Absolutely nothing about early January felt like things were on-point, but by March I was starting to feel good and CWIF and GB selections were definite highlights for me.
I’ll need to see how things work out through the year and we’ll review everything to see what worked and didn’t work – but right now I’m feeling good and thankful for the work I put in.
Turning to SLC - did you enjoy the blocs and did they suit you well?
Yes – I definitely enjoyed the blocs and I guess there was a physical element to some of them – but I think the styles are so different across the different blocs that you’ll get found out if you weak in a particular area.
You needed 4 tops and 5 zones to make it through qualifications and the 5 blocs are totally different.
I have previously preferred more powerful blocs and crimps, but I made it through qualifications because of a slab mantle, then made it through semi-finals because of a boulder with 2 dynamic moves and a slab to finish.
In finals my 3 tops were a dyno, a slab and a physical boulder to finish.
I think the consistent thing across all blocs was I executed each of them as well as I could. Basically trying to become experienced as quick as possible.
Was there a particular stand-out moment in SLC for you?
There were lots. I’ve said quite a few times before that the first time something happens is the best and there were a lot of firsts for me here. It was my first final and my first podium…
The weekend just kept building and getting better and better. If I had to have one standout moment it would be topping Bloc 4 in the final. The finalists all know the scores unlike in the semi-finals, so I knew that if I topped Bloc 4 I would be guaranteed a medal.
The crowd in SLC were amazing and cheering everyone on. The last move was purposefully set easy by the setters to allow for some celebrations at the top of the wall. Matching the finish hold and looking back to see the crowd cheering was a special moment for me.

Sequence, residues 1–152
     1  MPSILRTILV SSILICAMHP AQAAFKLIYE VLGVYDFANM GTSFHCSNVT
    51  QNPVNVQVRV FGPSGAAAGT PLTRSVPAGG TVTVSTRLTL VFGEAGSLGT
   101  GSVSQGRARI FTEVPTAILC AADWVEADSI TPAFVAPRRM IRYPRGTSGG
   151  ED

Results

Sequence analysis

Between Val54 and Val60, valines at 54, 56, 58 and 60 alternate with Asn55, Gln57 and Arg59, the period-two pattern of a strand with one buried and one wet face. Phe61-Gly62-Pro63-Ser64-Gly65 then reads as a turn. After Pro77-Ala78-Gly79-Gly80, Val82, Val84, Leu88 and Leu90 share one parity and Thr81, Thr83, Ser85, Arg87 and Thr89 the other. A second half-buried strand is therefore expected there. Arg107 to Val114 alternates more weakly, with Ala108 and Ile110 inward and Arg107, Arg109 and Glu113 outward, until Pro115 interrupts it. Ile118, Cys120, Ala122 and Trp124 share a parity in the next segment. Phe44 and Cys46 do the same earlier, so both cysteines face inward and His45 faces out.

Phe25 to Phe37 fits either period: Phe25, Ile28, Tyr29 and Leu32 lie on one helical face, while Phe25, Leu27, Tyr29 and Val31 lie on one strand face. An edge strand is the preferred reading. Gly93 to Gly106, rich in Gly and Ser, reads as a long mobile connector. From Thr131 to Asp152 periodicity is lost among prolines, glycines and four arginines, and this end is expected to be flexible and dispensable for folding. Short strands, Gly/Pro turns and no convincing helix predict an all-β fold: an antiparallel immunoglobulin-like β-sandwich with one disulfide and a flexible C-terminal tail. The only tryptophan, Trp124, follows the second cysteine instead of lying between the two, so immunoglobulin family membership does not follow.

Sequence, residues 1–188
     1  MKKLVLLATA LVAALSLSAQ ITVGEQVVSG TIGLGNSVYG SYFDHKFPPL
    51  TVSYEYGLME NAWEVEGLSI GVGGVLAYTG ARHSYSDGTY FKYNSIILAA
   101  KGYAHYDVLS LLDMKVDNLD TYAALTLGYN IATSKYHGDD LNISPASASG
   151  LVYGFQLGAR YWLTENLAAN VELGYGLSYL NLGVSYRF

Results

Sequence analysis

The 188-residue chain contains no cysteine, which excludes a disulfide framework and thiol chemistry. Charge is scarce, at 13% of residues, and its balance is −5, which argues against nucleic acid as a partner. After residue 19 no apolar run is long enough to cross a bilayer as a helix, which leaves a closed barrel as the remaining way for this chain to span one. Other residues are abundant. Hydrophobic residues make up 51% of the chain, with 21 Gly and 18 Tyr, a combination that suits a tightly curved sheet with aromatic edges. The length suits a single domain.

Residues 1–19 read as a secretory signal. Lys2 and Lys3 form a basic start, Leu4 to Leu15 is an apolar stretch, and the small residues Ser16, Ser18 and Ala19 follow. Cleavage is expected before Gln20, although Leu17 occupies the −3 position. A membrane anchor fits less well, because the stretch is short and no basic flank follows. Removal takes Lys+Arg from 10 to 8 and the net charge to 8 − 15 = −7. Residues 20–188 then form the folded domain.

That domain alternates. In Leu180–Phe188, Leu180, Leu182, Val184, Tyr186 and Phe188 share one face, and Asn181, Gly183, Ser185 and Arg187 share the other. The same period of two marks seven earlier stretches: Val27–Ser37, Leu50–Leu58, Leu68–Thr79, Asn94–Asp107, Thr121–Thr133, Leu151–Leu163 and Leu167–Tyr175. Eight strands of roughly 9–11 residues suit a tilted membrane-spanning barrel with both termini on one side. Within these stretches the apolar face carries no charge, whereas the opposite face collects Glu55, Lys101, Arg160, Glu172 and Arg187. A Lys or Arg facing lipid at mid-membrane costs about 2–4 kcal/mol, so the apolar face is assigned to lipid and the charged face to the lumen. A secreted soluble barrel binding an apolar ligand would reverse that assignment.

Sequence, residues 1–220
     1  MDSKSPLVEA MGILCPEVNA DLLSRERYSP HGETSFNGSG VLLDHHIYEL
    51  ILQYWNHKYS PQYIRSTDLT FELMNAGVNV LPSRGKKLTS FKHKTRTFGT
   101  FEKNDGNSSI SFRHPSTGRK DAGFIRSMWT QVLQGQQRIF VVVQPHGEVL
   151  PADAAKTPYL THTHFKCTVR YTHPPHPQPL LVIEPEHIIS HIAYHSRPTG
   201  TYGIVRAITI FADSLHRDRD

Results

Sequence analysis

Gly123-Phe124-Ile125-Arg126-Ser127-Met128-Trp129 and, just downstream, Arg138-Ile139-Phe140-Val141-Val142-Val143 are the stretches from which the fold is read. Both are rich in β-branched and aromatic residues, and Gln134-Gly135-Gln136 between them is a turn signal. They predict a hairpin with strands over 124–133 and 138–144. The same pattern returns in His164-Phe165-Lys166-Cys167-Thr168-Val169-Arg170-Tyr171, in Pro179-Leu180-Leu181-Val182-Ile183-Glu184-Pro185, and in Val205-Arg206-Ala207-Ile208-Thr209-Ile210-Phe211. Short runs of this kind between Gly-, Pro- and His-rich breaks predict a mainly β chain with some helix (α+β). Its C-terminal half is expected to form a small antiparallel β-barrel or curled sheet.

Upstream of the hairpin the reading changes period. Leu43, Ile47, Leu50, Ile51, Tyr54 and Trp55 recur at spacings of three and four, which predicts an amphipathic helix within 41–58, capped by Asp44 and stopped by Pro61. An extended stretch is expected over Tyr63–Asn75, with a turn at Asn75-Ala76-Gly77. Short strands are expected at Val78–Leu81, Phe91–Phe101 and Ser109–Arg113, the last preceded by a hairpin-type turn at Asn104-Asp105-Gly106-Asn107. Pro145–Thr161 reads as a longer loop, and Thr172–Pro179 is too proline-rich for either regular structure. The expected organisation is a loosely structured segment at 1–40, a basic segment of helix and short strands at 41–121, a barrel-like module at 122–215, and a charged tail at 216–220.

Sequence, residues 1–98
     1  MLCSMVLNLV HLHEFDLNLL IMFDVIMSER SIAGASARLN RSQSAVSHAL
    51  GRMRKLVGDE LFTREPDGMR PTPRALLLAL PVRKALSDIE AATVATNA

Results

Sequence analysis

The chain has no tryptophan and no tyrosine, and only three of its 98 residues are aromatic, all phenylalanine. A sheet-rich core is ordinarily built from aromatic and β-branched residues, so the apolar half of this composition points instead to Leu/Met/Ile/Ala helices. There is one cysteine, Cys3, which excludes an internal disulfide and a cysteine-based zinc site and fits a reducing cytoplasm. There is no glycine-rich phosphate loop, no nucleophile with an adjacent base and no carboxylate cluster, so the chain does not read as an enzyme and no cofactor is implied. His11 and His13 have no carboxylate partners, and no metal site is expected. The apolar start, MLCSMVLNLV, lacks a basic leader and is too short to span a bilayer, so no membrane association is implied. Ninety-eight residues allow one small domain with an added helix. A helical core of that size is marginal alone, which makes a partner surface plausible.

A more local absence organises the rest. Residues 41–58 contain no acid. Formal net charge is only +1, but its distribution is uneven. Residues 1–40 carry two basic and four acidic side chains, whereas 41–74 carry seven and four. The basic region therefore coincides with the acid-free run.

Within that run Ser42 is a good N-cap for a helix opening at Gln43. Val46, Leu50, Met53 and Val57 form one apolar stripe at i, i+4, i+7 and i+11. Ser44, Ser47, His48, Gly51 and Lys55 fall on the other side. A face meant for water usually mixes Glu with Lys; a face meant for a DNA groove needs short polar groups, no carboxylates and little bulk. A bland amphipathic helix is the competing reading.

It then felt really surreal to be signing autographs and have photos with people for about 15 minutes. It was a really nice finish to an unbelievable week.
How was it competing against the likes of Tomoa Naraski in the finals at SLC?
Tomoa Narasaki is someone I’ve followed for years – I remember watching him win a World Cup on TV at home when I was about 12. To stand next to him on the podium was surreal.
He was also really nice and so supportive – discussing beta and saying well done.
It was great to be in the finals with lots of people I’ve competed against at Youth World Championships – like Hannes Van Duysen and Sorato Anraku – but definitely I’m not used to looking at the person on the boulder behind me in semi-finals and seeing Tomoa. It was great for him to be there because he’s an insanely talented climber and now I know a really nice guy too.
You've said before you concentrate on the climbing rather than focusing on medals/podium positions. Does that approach help u stay calm under pressure?
I don’t really think about staying calm or the pressure.
The only thing that is going to help is trying to top climbs so I’m not really thinking about anything else.
Experience definitely helps – but I think that’s mainly so you’re not thinking about what comes next and can just focus on the climbing.
You've now got an incredible base going into the Olympic qualification year that must be a real confidence boost?
Yes, definitely. This is my first full senior season and the aim was to gain experience at this level – a medal is certainly a huge confidence boost.
I know the pathways to qualify for the Olympics, but it’s not just a case of getting to those events. You want to be at those events with the right experience and fitness; you want to be competing.
This is definitely a confidence boost – but there is a lot of climbing still to do 😊
Watch Toby climbing in the SLC Finals below.